An Akita Shepherd is a mixed breed dog–a cross between the Akita and German Shepherd Dog breeds. Stoic, loyal, and hard-working, these pups inherited some of the best traits from both of their parents.
The Akita Shepherd is sometimes also called a Shepkita. Despite their unfortunate status as a designer breed, you may find these mixed breed dogs in shelters and breed specific rescues, so remember to adopt! Don’t shop!
These adorable mixed breed dogs make great apartment pups for active urban dwellers, though as a larger dog, they are best suited to houses or homes with more space. They are quiet but alert, which also makes them excellent watchdogs for both singles and families. If you want a stoic, loyal dog who’s eager to please and will alert you of any potential danger, the Akita Shepherd might be the right dog for you.
See below for all Akita Shepherd facts and mixed dog breed characteristics!
Akita Shepherd Mixed Dog Breed Picture
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Dog Breed Group:Mixed Breed Dogs
Height:24 to 28 inches
Weight:75 to 120 pounds
Life Span:10 to 13 years
More About This Breed
- The Akita Shepherd is a mixed breed dog. They are not purebreds like their Akita or German Shepherd Dog parents.
- The main colors of Akita Shepherds are brindle, white, silver, red, gray, brown, sable, and black. Sometimes their coats are solid, and sometimes they have a mix of colors.
- Akita Shepherds shed or "blow" their coats seasonally, which may mean they may not be allergy-friendly. Still, they're relatively easy to groom. Regular weekly brushing--and daily brushing when their coat blows--should do the trick.
- Akita Shepherds have medium energy levels. Make sure your dog gets at least one good half-hour- to hour-long walk per day with a few good, active play sessions and shorter walks mixed in.
- With proper introduction, an Akita Shepherd can be an incredible, calm companion for kids. Always supervise play between kids and dogs.
- If introduced properly, Akita Shepherds can become friendly with other dogs. They may have a prey drive with smaller animals like cats.
- Akita Shepherds are rather intelligent and headstrong, and they may try to test out their humans' boundaries. They are also incredibly eager to please and thrive with consistent training.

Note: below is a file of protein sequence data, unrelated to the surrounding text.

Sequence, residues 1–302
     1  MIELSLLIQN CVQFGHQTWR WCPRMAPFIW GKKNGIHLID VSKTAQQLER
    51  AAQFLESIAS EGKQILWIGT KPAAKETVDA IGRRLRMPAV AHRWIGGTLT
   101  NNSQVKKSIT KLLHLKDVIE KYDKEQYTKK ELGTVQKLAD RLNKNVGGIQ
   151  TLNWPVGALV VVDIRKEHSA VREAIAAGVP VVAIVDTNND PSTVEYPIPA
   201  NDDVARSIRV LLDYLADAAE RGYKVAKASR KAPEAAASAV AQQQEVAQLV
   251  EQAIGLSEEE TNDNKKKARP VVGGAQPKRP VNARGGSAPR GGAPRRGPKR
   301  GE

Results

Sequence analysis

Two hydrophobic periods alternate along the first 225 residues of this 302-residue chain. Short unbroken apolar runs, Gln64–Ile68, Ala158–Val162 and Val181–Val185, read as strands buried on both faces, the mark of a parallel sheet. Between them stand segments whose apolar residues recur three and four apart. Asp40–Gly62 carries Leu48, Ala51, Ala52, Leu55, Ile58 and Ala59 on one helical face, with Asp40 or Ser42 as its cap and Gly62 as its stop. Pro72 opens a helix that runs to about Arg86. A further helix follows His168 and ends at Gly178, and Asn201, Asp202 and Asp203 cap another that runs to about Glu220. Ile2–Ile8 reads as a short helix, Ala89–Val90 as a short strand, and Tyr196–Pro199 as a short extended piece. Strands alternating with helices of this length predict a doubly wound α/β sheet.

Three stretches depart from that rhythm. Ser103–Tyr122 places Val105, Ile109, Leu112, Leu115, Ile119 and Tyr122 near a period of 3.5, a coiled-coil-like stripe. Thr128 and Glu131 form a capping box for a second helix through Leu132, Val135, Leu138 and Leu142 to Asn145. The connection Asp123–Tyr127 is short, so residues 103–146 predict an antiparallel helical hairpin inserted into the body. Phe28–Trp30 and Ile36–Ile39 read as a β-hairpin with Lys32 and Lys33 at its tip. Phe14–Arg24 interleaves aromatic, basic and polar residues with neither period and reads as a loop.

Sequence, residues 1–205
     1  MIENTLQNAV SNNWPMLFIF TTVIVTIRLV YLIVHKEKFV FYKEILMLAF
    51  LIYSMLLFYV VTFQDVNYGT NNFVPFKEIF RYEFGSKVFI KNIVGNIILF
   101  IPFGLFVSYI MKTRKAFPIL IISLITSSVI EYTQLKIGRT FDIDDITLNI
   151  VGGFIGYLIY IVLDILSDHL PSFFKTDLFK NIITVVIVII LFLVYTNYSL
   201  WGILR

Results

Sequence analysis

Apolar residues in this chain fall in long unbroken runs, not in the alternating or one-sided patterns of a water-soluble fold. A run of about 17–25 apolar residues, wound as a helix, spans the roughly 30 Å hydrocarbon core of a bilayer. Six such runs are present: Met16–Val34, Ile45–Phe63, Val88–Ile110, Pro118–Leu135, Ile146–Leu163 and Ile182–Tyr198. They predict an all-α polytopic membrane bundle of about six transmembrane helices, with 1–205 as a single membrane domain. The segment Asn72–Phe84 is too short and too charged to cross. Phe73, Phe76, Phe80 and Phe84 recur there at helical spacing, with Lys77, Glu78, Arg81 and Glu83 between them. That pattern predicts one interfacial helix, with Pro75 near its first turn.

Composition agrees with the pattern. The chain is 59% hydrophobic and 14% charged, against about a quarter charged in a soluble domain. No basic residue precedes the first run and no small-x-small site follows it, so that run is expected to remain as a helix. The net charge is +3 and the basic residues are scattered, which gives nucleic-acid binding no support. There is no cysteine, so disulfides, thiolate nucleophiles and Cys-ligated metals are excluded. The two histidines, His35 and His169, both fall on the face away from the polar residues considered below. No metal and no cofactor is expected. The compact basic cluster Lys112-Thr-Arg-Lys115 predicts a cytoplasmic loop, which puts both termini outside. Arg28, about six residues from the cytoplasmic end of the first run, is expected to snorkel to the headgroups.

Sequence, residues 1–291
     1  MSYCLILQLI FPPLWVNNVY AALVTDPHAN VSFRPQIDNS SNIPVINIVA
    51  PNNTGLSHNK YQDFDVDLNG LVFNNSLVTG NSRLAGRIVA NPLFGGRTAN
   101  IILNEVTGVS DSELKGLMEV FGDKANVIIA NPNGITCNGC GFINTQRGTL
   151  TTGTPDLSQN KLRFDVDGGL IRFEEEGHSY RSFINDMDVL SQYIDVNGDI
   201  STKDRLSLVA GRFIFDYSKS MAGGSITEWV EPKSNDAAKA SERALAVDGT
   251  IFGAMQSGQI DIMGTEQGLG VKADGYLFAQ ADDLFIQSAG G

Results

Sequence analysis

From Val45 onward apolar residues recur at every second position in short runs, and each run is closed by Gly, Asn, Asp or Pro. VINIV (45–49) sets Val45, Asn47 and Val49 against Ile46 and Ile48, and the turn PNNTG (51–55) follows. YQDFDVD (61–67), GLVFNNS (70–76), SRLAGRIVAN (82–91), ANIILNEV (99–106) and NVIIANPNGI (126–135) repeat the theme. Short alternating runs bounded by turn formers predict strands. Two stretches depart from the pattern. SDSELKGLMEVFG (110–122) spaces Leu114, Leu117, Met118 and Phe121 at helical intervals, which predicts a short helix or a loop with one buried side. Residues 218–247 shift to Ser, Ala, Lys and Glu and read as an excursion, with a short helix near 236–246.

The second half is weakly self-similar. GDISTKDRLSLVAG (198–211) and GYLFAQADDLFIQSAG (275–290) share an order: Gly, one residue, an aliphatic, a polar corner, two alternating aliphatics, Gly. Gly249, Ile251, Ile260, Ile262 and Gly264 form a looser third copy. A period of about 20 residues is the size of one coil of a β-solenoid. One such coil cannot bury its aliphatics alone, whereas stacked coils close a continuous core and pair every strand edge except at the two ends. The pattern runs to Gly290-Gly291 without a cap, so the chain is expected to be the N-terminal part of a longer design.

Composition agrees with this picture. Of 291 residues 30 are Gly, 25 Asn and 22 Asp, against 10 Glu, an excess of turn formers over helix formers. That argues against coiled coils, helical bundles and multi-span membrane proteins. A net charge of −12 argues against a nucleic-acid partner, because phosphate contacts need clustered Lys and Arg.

While Akita Shepherds might have existed naturally throughout the years, it's believed that breeders started creating them sometime in the 1950s after Akitas were brought to the United States from Japan.
Breeders wanted to combine the stoic, protective nature of the Akita with the loyalty of the German Shepherd. Both are intelligent breeds, making for a smart, loyal, protective hybrid. They continued to create Akita Shepherds as demand for the breed continued to rise. Akita Shepherds are still most commonly found in the United States.
Even though the Akita Shepherd breed got its start as a designer breed, some have ended up in shelters or in the care of rescue groups. Consider adoption if you decide this is the breed for you. Check your local shelters, look up Akita Shepherd rescues, or check with breed specific German Shepherd or Akita rescues, as they sometimes take in mixed breed dogs and find homes for them.
As the Akita Shepherd is a relatively new mixed breed, there are few standards when it comes to size. That said, as a mix between Akita and German Shepherd parents, you can expect Shepkitas to be on the larger side.
Most weigh in at 75 to 120 pounds and range in height from 24 to 28 inches from the shoulder. The female Akita Shepherd tends to be slightly smaller than the male Akita Shepherd. Some dogs may be smaller or larger than average.
Many Akita Shepherd enthusiasts describe their Shepkitas as serious with a streak of silly. A well-trained Akita Shepherd doesn't demand much attention like a smaller lapdog might, but they do know how to have fun with their humans.
Since Akita Shepherds are rather intelligent and headstrong, they may try to test out their humans' boundaries. They are also incredibly eager to please and thrive with consistent training. In order to curb any unwanted habits or guarding behaviors, be sure to start training your Akita Shepherd as early as possible.
Many Akita Shepherd owners also say that their dogs are quiet, but that doesn't mean they aren't listening. Akita Shepherds are highly alert dogs, and they may try to protect you from whatever threat they perceive. This mixed breed is incredibly loyal and loving to their humans, and they want to make sure you are safe! If you're looking for a dog who will let you know if something is up without being yappy, an Akita Shepherd just might be the right dog for you.